2018 Oregon Election Results

Alex McHaddad, January 19, 2019


It was the worst of times, it was the worst of times. 2018 cannot be remembered any other way for Oregon Republicans. While the 2016 election of Dennis Richardson to the office of Secretary of State posited an end to 30 years of Democratic dominance, the GOP lost its only statewide race and yielded the Legislative Assembly to Democratic supermajorities. Such heavy electoral defeats can be attributed to a variety of factors, such as poor outreach efforts, disagreeable candidates, and low turnout. However, Oregon Republicans face a much larger problem that came to light this year: there are too few of them to win elections.


Elections were held for 17 of Oregon's 30 state Senate seats, including 2 special elections. 8 GOP-held seats were up for election, along with 9 Democratic seats. Republicans only fielded candidates in 13 districts, but Democratic candidates ran in all 17 districts. Running candidates in all districts helped Democrats win 11 Senate races, resulting in a Senate supermajority of 18.

Democrats won all but one district where primary turnout was higher for their party than the GOP. More unfavorably for Republicans, data from the Secretary of State shows that 100% GOP turnout in each Senate District won by Democrats would not have prevented a Democratic victory.

House of Representatives

All 60 seats in the Oregon House of Representatives were up for election in 2016. With candidates in only 44 seats, Republicans needed to win several competitive races against Democrats to win a majority. Republicans won only 22 districts, however, and a Democratic supermajority swept the lower chamber.

Nearly every Democratic victor took power in a district where primary turnout was high than the GOP. More unfavorably for Republicans, data from the Secretary of State shows that 100% GOP turnout in each House District won by Democrats would not have prevented a Democratic victory.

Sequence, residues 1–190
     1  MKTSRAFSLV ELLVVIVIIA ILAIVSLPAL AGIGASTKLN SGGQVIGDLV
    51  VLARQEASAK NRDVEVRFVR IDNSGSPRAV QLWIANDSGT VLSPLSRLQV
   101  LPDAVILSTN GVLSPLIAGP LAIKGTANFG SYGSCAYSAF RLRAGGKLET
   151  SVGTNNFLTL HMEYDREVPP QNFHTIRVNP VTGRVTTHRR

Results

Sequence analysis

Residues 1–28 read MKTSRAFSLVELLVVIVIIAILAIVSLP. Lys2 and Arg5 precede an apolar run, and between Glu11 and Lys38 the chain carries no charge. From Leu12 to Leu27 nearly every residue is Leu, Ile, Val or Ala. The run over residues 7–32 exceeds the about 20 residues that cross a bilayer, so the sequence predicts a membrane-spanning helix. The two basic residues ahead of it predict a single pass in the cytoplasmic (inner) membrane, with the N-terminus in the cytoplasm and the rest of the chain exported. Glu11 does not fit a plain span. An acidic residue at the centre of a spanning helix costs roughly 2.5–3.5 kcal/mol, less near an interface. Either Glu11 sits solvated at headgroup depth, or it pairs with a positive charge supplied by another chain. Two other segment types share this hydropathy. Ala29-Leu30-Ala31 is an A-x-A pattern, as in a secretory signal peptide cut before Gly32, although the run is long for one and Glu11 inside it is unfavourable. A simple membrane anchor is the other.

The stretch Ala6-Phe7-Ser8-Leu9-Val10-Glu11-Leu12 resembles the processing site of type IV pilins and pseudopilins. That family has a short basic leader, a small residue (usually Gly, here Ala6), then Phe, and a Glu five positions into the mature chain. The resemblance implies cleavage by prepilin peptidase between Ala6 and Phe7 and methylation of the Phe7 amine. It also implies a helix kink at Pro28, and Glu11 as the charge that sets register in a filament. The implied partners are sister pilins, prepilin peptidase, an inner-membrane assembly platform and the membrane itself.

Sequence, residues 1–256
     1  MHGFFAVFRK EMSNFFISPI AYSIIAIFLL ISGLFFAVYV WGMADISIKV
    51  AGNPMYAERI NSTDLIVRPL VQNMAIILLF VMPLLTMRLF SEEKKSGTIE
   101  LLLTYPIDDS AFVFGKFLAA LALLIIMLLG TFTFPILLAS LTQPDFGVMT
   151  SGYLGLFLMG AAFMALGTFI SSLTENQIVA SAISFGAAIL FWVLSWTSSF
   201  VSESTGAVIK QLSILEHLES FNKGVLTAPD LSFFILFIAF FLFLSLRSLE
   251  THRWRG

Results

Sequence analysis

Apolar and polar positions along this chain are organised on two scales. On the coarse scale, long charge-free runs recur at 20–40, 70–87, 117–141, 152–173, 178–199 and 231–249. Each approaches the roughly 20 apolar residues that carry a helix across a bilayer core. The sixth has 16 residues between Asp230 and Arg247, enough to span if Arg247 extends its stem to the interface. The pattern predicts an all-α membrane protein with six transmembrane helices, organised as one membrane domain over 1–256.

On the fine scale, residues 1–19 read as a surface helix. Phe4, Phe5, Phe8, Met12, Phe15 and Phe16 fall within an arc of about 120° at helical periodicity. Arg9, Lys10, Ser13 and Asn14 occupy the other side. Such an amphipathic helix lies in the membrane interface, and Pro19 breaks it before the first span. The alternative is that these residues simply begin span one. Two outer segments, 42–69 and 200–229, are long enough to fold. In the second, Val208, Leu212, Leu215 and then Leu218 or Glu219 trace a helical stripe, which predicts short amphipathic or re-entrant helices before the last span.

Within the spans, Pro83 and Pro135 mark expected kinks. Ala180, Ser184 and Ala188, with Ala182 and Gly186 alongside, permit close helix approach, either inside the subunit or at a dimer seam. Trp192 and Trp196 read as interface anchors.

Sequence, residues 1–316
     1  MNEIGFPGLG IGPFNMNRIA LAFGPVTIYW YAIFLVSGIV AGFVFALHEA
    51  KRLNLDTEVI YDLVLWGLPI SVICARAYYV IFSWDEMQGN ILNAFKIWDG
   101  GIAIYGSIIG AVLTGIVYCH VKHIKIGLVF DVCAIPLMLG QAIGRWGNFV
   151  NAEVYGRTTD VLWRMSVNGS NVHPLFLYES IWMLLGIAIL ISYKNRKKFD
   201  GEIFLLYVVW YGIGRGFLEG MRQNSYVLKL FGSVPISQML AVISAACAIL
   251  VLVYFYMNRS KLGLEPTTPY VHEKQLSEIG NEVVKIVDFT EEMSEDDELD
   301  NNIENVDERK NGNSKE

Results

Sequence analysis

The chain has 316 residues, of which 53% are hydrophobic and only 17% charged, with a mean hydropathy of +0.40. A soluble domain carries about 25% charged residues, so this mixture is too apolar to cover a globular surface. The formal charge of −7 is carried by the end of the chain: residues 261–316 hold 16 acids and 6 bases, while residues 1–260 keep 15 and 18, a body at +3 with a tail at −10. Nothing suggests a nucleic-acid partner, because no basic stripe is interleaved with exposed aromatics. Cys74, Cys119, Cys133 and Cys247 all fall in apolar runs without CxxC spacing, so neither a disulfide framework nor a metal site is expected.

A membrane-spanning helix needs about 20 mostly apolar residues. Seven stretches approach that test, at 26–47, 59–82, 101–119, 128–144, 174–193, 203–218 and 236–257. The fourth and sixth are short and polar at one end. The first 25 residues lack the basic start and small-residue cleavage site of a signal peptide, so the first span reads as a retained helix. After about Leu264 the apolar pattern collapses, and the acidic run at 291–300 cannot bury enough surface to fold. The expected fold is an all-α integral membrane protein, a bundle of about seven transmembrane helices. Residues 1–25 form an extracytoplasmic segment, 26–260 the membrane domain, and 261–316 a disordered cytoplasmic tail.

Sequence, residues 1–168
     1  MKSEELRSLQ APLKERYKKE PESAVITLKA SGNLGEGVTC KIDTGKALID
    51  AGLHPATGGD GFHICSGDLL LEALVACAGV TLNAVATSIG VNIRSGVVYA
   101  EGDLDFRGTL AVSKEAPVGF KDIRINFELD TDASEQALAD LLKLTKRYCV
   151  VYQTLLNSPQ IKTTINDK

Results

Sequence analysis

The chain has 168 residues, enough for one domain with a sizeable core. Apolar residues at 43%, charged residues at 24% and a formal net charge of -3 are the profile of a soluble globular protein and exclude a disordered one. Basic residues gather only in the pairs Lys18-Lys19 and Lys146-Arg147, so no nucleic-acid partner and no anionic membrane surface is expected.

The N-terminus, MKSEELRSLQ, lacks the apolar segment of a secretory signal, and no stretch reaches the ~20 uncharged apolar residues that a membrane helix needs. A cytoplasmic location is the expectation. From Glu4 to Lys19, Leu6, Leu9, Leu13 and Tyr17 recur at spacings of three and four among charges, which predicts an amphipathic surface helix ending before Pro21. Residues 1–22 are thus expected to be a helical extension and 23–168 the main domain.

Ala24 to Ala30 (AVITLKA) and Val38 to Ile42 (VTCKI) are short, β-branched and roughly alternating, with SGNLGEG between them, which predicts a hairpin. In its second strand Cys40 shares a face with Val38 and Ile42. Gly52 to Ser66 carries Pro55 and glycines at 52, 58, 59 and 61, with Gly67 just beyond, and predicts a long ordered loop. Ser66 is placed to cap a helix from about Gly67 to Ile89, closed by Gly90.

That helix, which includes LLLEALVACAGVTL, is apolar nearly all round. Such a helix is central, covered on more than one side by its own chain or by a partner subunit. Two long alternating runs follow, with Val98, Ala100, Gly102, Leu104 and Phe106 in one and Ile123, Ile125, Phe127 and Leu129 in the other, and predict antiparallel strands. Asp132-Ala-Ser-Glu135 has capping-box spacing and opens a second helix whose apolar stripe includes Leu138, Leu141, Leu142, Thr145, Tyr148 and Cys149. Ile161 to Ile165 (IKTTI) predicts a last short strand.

Most legislative races had pretty clear voter registration imbalances that resulted in a Democratic supermajority for both houses. However, the race for Governor may not have been determined by an imbalance of eligible voters in either party. Republican and Democratic turnout was respectively measured at 81.1% and 81.8% by the Secretary of State. Governor Kate Brown won her re-election with over 934,000 votes, overcoming GOP challenger Rep. Knute Buehler's 814,000 votes and the 23,000 votes cast for Independent Party candidate Patrick Starnes.

Similar turnout routes for Democrats and Republicans is a problem for the latter party because of their voter registration imbalance. Oregon's 705,000 Republicans are outnumbered by 877,000 Non-Affiliated Voters and 976,000 Democrats. As a result, Republican candidates need a much larger percentage of their party's voters to participate in elections to achieve victory.

Governor Brown's margin of victory over Knute Buehler was only 119,000 votes. 133,000 eligible Republicans did not cast a ballot in this election, a disappointing figure to note when 98% of GOP voters would have needed to back Buehler in order to win.

The ORP's Future

The Oregon Republican Party needs a radical shift in tactics in order to win urban legislative seats and the Governor's office. Certain Republican voices have advocated for a doubling-down on conservative policy in order to ensure higher party turnout, especially in light of the failure of moderates like Dr. Bud Pierce and Rep. Buehler to crack 45%. Widely seen as the first Republican candidate since 2010 with a chance to take the Governor's office, Rep. Buehler ultimately received fewer votes in 2018 than Dr. Pierce in 2016.

For Republicans, the key to victory is not a change in messaging. The key to victory is strategy, specifically a strategy that prioritizes turning out both Republicans and Non-Affiliated Voters. Of over 877,000 eligible NAV's, only 416,000 cast a ballot in November 2018. NAV's participated in House elections by an average of only 47.7%.

If Republicans wish to win in the future, the strategy is clear. While higher turnout rates for the GOP will benefit candidates, races will not be won without NAV turnout. Prompting NAV's to vote will require additional resources usually spent on driving Republican turnout, but the reward will be worth the risk. Rather than modifying messaging to attract NAV's to a candidate, Republicans need to simply reach out to NAV's and ask for their vote. Elections are not won by simply knocking on the doors a candidate believes will open. Elections are won by knocking on every door possible and establishing the personal connections that voters will remember at the ballot box. Until the Oregon Republicans knocks on every door in the state, the party can plan on continuing to lose statewide and legislative elections.